Part One: The Story of a Childhood: 1902-1910
Prologue and Act 1: Roots in a Parched Ground 1902-1903. . .Act 2: Conficts 1904. . .Act 3 Lily Dale 1911
Part Three: The Story of a Family 1918 . . . Cousins . . . The Death of Papa - reviewed at Hartford Stage
Horton Foote Backgrounder
The Orphans' Home Cycle: Part Two: The Story of a Marriage- 1912-1917 The Widow Claire, Courtship and Valentine's Day
By Horton Foote
Directed by Michael Wilson
Cast Part Two: Annalee Jeffries (Lucy Vaughn Stewart), Dylan Riley Snyder, (Buddy), Virginia Kull (Claire Ratliff, Bessie Stillman), Emily Robinson (Molly), Maggie Lacey (Elizabeth Vaughn Robedaux), Justin Fuller (Ed Corday, Dr. Greene), Jenny Dare Paulin (Laura Vaughn), Hallie Foote (Mrs.Vaughn), Bill Heck (Horace Robedaux), Devon Abner (Roger Culpepper, Bobby Pate), Lucas Caleb Rooney (Val Stanton, George Tyler), Bryce Pinkham (Felix Barclay, Brother Vaughn), James DeMarse (Mr. Vaughn), Pamela Payton-Wright (Sarah Vaughn, Ruth Amos), Stephen Plunkett (Archie Gordon, Steve Tyler), Pat Bowie (Eliza)
Scenic Design: Jeff Cowie and David Barber
Projections Design: Jan Hartley
Lighting Design: Rui Rita
Original Music and Sound Design: John Gromada
Costume Design: David C. Woolard
Choreographer/Movement Director: Maxwell Williams
Wig and Hair Design: Mark Adam Rampmeyer
Fight Director: Mark Olsen
Running Time: 3 hours, with 2 10-minute intermissions
Signature Theatre Company at the Peter Norton Space 555 West 42nd Street
From 11/04/09; opening 11/19/09; closing 3/29/10
The three plays will run in repertory once all begin. For performance calendar, including the 3 all-daymarathon dates see www.signaturetheatre.org
Tickets: $20, $65 after beginning of 3/06/10 extension date
Comments above based on December 12th th matinee performance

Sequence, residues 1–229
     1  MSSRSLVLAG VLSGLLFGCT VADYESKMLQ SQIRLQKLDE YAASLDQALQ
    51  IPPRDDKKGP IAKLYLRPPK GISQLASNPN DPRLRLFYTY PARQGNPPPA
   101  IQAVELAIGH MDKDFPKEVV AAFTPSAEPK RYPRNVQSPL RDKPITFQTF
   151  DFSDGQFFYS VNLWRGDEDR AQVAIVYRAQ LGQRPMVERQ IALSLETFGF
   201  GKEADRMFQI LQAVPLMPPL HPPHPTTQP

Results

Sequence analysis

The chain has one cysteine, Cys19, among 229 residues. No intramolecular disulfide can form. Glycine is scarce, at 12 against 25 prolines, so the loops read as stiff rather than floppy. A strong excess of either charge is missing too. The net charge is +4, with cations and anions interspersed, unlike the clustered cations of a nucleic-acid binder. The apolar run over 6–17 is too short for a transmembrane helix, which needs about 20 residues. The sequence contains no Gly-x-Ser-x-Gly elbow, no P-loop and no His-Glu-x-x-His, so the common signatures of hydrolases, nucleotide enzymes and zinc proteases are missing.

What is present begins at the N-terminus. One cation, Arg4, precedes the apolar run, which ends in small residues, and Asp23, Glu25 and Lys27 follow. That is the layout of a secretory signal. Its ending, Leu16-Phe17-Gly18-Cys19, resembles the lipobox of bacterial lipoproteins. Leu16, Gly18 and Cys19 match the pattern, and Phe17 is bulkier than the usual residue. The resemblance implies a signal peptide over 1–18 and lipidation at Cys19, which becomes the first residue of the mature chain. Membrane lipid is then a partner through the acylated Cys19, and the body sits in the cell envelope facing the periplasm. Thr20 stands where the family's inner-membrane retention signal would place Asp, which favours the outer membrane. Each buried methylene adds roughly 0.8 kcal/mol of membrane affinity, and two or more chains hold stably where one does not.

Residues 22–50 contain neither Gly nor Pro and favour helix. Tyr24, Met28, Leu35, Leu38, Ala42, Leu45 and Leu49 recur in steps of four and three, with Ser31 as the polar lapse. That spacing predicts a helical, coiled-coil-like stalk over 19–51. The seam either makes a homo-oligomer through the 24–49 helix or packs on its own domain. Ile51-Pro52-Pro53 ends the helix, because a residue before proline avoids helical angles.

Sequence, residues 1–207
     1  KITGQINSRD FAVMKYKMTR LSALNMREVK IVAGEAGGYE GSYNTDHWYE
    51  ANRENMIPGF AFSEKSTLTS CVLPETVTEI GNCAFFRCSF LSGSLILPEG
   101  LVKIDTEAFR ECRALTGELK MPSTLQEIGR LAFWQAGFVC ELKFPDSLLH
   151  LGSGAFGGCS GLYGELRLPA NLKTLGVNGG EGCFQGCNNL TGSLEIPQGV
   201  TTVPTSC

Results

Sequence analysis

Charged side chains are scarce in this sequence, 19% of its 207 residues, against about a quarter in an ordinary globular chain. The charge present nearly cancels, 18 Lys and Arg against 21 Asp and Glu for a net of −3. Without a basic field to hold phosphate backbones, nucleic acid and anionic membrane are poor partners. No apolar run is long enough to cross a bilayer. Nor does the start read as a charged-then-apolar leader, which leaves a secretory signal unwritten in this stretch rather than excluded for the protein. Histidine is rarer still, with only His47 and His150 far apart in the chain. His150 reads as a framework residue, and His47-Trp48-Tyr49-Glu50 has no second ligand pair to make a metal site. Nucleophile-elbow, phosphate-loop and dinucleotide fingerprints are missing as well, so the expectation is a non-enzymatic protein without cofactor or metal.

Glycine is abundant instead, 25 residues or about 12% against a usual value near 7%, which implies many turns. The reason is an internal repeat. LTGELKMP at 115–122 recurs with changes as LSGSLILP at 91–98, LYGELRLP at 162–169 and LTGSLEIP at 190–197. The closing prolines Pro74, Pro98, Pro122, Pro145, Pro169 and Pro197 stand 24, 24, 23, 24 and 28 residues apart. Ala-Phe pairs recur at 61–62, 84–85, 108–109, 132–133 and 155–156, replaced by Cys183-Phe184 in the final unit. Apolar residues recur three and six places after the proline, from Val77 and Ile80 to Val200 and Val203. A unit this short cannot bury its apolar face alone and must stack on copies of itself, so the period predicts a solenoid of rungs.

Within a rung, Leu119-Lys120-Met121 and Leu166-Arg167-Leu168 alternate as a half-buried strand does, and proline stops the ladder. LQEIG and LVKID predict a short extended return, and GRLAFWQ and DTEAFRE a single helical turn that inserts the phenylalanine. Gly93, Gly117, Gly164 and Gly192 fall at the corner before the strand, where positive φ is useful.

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Review of Part One
Review of Part Three
The satisfying and sweeping saga of Horace Robedaux continues in The Orphans Home Cycle at Hartford Stage with The Story of a Marriage, as Michael Wilson expertly directs a cast of 22 in more than 70 roles in part II of a three-part adaptation of a nine-play cycle by Horton Foote.
Pride is fine if you can afford it
— Mr. Vaughn.
It's 1912 and Horace (Bill Heck) is off to business school and misses out on the possibility of a more serious relationship with the widow Claire (Virginia Krull), despite the fact that her children, Molly (Georgi James) and Buddy (Dylan Riley Snyder), prefer him to a long list of gentleman callers whom the children take delight in comparing.
Instead of the widow Horace later courts Elizabeth Vaughn (Maggie Lacey) over the objections of her parents (James DeMarse and Hallie Foote), who think he's too wild for their daughter. The couple elopes and enjoys wedded bliss.
Estranged from her family, Elizabeth spends time with Bessie (also played by Kull), a fellow rooming house boarder and mentally challenged friend while she awaits the birth of her child. The Vaughns, softened by the impending arrival of a grandchild, make an unexpected visit to reconcile their differences.
Though of the nine parts in the cycle that seems the least at home in the story and that probably could have been cut, the story is a delightful look at the bond that forms between Horace and Elizabeth, and with Horace and her parents. In one of the plays most moving moments, Horace explains just how marriage to Elizabeth has brought him the only happiness he's ever known following a lifetime of feeling rejected by his mother and sister.
Foote's wonderful gift for storytelling, the excellent cast of chameleons who transform themselves into various characters (Annalee Jeffries often has audience members gasping when they recognize her in four very different parts over the course of the cycle) leave us wanting even more despite the three-hour run time (and we will get it in Part 3).
Editor's Note: The production notes were the same at Hartford as at the Signature, and this part of the cycle was reviewed by Lauren Yarger on Oct. 17, 2009